Thursday, October 4, 2018

Isakson vows 'Blue Water' relief; Trump inflates Choice reform

Veterans have reason to be uncertain over what Congress and the Trump administration plan both for “Blue Water Navy” Vietnam War veterans who have Agent Orange-related ailments, and for veterans seeking smoother access to more convenient and timely health care from private-sector physicians and hospitals.
Sen. Johnny Isakson, R-Ga., chairman of the Senate Veterans’ Affairs Committee, insisted throughout a hearing last week that he and Department of Veterans Affairs Secretary Robert Wilkie will deliver a solution to extend VA disability benefits and health care to veterans who served on ships off the coast of Vietnam during that war and today have conditions VA presumes are linked to toxic defoliants sprayed on land.
But Wilkie, the only witness at the “State of the VA” hearing, wasn’t prepared to echo the chairman’s assurances. Wilkie didn’t even mention the House-passed Blue Water Navy Vietnam Veterans Act (HR 299) in his oral statement highlighting priorities for improving VA’s organization and services.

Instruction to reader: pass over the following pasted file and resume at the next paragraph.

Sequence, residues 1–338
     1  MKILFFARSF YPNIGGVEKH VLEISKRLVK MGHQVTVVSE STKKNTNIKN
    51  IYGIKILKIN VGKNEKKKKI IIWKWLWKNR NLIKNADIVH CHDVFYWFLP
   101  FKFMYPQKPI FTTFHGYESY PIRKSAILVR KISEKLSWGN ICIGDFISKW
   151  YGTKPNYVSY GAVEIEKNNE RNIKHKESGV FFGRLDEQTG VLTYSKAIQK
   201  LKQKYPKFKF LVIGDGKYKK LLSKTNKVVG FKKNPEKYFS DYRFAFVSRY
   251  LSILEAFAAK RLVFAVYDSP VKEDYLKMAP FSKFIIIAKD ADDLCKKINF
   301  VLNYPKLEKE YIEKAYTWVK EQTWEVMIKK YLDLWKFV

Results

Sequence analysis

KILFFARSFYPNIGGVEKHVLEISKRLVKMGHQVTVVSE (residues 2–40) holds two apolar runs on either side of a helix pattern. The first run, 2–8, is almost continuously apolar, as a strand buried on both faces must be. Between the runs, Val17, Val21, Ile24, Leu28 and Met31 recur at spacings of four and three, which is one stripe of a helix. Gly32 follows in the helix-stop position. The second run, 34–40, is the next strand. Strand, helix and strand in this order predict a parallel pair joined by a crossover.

In his written testimony, he reiterated VA opposition to extending benefits for up to 90,000 aging Blue Water Navy veterans and survivors, saying VA’s “commitment to science and an evidence-based approach to creating or expanding [Agent Orange] presumptions should be maintained.”
If HR 299 is enacted absent stronger scientific evidence that shipboard veterans were exposed to wartime defoliants, Wilkie wrote, it “would erode confidence in the soundness and fairness of the veterans’ disability benefits system, creating the impression that the system can be gamed by political activism.”
Also, he argued, it would increase pressure on VA to “expand additional presumptions administratively, under a similarly liberal approach, favoring less deserving but politically demanding veterans over more deserving veterans who trust VA to do the right thing for all veterans.”

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